Journal of Neuroscience vol:28 issue:26 pages:6679-6690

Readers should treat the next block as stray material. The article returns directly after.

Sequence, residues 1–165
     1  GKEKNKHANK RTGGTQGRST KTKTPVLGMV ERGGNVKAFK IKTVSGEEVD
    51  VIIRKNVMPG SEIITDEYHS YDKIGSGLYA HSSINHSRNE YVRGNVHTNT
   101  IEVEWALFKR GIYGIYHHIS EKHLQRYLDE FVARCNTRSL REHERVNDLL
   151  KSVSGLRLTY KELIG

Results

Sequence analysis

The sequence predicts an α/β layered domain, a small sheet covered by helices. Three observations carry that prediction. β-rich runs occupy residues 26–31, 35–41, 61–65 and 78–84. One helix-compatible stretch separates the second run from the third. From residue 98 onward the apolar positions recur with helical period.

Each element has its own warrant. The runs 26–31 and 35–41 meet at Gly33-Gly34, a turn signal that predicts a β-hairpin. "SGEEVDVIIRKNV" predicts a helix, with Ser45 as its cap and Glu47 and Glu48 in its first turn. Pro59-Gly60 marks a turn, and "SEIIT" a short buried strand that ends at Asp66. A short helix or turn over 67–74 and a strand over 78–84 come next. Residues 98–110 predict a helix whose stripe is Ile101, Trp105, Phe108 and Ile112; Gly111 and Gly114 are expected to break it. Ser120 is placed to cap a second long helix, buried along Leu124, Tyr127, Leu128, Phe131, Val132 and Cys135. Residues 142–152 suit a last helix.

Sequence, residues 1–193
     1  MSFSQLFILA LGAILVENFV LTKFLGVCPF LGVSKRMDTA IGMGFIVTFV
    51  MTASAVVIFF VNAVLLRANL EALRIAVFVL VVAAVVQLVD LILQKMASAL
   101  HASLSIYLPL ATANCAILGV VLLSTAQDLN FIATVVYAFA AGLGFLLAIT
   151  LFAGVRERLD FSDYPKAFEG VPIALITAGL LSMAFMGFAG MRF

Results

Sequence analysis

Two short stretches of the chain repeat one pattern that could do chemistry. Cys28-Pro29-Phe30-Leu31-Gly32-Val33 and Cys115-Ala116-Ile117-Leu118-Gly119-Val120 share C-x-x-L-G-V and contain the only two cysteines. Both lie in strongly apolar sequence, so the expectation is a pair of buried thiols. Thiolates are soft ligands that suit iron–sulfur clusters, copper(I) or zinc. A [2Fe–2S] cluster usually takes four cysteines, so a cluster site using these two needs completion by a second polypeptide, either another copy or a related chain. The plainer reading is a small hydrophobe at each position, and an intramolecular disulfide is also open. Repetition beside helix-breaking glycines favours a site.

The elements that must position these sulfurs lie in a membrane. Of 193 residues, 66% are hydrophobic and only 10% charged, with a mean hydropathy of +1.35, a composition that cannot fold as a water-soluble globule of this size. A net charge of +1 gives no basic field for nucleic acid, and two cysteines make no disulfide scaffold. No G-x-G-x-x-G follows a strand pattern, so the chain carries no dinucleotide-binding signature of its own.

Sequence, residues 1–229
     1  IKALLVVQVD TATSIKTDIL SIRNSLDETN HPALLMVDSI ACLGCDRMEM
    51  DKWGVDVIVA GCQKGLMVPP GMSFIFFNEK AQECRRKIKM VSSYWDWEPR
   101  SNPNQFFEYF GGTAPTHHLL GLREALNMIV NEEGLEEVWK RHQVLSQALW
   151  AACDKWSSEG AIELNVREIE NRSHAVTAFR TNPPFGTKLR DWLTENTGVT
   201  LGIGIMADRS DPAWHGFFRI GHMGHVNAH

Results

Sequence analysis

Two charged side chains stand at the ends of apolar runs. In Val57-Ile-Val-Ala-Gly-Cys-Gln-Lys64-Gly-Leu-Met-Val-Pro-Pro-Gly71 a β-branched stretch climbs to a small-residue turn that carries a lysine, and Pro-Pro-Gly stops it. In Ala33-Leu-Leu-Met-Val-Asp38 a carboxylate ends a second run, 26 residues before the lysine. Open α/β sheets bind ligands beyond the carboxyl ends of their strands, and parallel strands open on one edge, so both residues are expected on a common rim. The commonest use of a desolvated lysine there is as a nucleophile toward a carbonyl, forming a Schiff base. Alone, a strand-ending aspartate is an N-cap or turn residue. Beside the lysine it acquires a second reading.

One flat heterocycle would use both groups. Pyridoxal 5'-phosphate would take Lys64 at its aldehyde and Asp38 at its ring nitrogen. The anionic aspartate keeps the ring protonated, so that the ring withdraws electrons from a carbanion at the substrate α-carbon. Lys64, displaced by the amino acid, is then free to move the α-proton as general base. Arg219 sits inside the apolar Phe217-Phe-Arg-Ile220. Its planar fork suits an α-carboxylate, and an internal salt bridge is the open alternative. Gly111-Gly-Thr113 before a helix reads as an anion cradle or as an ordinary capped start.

The analysis of object shape is critical for both object recognition and grasping. Areas in the intraparietal sulcus of the rhesus monkey are important for the visuomotor transformations underlying actions directed toward objects. The lateral intraparietal (LIP) area has strong anatomical connections with the anterior intraparietal area, which is known to control the shaping of the hand during grasping, and LIP neurons can respond selectively to simple two-dimensional shapes. Here we investigate the shape representation in area LIP of awake rhesus monkeys. Specifically, we determined to what extent LIP neurons are tuned to shape dimensions known to be relevant for grasping and assessed the invariance of their shape preferences with regard to changes in stimulus size and position in the receptive field. Most LIP neurons proved to be significantly tuned to multiple shape dimensions. The population of LIP neurons that were tested showed barely significant size invariance. Position invariance was present in a minority of the neurons tested. Many LIP neurons displayed spurious shape selectivity arising from accidental interactions between the stimulus and the receptive field. We observed pronounced differences in the receptive field profiles determined by presenting two different shapes. Almost all LIP neurons showed spatially selective saccadic activity, but the receptive field for saccades did not always correspond to the receptive field as determined using shapes. Our results demonstrate that a subpopulation of LIP neurons encodes stimulus shape. Furthermore, the shape representation in the dorsal visual stream appears to differ radically from the known representation of shape in the ventral visual stream.